Researchers with the Dallas Preschool Readiness Project measured how well children can self-regulate their behavior, for example, waiting for a toy instead of immediately grabbing it.
Dallas project investigates the skills behind school success
"I'm going to set the car right here, but don't touch it until I get back," explains the researcher as she exits the room.
The toddler with big brown eyes watches her leave, and then stares at the tantalizing blue toy race car placed on the rug in front of her. Like a little adult, she crosses her legs and waits.
She tiptoes her fingers across the floor and touches the car with the tip of her pinkie. Moments later, she tentatively pushes it with her thumb. The contact sends her over the edge. She HAS to touch it. She grabs and revs the car backwards, launching it across the floor.
|Nazly Dyer, Ph.D.
Less than two minutes have elapsed. Not too shabby for a two-year-old, says Nazly Dyer, Ph.D., a researcher on the project at The University of Texas at Dallas.
"Some kids can wait the entire 150 seconds of the experiment, and they use a lot of creative strategies to distract themselves," Dyer says. "But others pick up the car as soon as the researcher leaves the room."
The "Forbidden Toy" experiment described above is part of Dallas Preschool Readiness Project, a research study funded by the National Institute of Child Health and Development to explore why some low-income, minority kids thrive when they enter school, while others struggle. The study was launched in 2009 by The University of Texas Health Science Center at Houston (UTHealth) School of Public Health Dallas Regional Campus and The University of Texas at Dallas.
“We are interested in social and emotional readiness—what some people call soft skills—that can predict how well children do in school,” says Margaret Caughy, Sc.D., the study’s principal investigator and director of the school’s Maternal and Child Health Training Program. Margaret Tresch Owen, Ph.D., a professor at The University of Texas at Dallas, is co-principal investigator.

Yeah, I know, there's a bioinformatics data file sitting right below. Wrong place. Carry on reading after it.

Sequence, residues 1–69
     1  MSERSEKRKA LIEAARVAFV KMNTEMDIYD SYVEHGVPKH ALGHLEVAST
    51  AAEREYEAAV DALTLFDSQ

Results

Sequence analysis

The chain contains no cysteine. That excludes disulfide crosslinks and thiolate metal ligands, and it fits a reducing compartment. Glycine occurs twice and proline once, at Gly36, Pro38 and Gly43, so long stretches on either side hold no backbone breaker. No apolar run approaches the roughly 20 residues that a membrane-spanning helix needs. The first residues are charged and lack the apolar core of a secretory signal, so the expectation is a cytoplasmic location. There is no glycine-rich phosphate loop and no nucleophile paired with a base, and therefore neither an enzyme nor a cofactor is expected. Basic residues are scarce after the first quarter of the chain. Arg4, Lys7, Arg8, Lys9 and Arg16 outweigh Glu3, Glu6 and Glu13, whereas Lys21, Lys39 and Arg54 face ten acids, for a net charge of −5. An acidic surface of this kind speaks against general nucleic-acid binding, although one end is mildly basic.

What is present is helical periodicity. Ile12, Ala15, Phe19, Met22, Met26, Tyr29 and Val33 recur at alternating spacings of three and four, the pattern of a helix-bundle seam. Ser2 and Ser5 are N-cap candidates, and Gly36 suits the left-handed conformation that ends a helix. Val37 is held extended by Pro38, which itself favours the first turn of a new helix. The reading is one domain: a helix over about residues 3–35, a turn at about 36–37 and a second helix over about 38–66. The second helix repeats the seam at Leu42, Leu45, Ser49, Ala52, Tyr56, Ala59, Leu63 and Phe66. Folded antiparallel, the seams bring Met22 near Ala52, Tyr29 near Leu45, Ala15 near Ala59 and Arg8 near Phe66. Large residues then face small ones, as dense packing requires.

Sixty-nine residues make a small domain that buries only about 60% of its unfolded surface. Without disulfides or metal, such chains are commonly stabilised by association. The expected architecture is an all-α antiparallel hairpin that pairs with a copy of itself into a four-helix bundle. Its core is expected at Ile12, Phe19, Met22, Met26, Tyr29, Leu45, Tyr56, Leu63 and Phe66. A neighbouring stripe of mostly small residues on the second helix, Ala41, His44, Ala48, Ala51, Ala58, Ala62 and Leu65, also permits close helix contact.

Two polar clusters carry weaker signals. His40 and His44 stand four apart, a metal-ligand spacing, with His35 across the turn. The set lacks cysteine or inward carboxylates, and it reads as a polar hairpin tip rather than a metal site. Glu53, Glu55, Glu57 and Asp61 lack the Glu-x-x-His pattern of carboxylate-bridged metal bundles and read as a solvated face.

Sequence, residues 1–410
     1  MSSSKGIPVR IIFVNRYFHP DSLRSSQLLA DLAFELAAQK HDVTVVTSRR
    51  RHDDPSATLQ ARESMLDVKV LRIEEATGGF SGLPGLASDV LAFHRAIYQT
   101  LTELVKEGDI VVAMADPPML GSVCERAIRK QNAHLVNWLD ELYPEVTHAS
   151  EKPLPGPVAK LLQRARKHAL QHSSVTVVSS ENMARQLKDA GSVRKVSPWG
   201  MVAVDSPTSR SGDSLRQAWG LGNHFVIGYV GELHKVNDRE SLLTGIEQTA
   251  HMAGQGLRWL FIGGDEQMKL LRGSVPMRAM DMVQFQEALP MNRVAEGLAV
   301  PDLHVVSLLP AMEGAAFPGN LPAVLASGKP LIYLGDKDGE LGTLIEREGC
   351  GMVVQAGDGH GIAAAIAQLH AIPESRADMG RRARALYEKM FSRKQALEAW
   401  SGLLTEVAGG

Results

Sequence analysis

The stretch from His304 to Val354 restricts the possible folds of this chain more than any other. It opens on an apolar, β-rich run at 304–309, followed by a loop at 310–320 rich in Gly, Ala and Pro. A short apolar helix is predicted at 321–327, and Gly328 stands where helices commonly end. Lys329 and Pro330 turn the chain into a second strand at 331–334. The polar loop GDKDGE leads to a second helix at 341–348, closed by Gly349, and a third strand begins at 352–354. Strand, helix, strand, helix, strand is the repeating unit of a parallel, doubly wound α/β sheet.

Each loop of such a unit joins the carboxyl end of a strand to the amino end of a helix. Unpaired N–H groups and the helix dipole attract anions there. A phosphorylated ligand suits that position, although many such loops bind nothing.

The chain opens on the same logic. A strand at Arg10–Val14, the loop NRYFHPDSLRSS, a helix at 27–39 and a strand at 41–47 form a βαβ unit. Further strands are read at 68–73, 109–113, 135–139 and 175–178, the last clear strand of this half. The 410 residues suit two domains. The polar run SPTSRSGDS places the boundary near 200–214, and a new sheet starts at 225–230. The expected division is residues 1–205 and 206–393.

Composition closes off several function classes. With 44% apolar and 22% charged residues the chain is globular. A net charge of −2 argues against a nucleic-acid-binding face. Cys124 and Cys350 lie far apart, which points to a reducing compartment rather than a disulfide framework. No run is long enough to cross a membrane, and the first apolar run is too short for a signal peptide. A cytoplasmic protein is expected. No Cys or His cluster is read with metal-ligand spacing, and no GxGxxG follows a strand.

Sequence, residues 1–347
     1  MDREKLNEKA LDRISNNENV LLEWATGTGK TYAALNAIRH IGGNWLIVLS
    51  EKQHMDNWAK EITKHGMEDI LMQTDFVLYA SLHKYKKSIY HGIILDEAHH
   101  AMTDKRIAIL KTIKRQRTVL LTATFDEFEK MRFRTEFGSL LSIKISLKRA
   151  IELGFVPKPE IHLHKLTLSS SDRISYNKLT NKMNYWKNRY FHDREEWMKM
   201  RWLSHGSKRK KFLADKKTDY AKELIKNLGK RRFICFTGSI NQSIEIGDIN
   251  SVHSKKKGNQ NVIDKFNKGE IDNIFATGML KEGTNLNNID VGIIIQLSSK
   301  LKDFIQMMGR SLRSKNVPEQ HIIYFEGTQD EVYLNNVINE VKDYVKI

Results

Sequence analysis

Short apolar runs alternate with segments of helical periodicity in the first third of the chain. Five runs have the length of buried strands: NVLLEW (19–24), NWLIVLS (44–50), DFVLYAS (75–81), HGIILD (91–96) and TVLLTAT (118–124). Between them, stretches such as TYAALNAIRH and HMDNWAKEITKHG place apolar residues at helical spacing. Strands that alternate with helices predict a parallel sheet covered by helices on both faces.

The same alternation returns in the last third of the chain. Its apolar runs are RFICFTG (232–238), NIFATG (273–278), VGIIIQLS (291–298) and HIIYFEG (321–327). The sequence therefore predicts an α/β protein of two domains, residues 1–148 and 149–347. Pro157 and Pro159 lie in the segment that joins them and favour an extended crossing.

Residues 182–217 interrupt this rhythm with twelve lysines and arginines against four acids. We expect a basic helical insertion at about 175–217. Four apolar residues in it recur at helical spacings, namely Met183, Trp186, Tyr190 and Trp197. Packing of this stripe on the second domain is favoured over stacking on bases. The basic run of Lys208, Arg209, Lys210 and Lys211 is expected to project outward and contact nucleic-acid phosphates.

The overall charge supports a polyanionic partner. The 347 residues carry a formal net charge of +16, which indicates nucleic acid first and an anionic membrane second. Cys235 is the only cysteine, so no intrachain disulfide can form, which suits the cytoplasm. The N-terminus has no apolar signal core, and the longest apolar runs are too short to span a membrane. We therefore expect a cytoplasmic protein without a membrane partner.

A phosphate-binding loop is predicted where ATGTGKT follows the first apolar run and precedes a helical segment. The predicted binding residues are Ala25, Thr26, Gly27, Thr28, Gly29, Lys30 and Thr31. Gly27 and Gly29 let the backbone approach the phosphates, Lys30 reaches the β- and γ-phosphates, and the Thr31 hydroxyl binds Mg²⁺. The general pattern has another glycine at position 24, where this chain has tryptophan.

Soft skills include self-regulating behavior such as sitting still, following directions and impulse control, for example, waiting for a toy instead of immediately grabbing it.
“We know that ethnic minority children are at high risk of school failure, but there were no data on these key regulation skills for this population of children,” adds Caughy, also interim dean of the Dallas Regional Campus.
To learn more, Caughy's research team visited the homes of young children in the Dallas/Fort Worth area to observe parent-child interaction and test children on mental skills associated with school success. Home visits were conducted when children were 2 1/2 and 3 1/2 years old, and during their kindergarten and first grade years. The study has followed more than 400 low-income African American and Latino children and their families from preschool to first and second grade.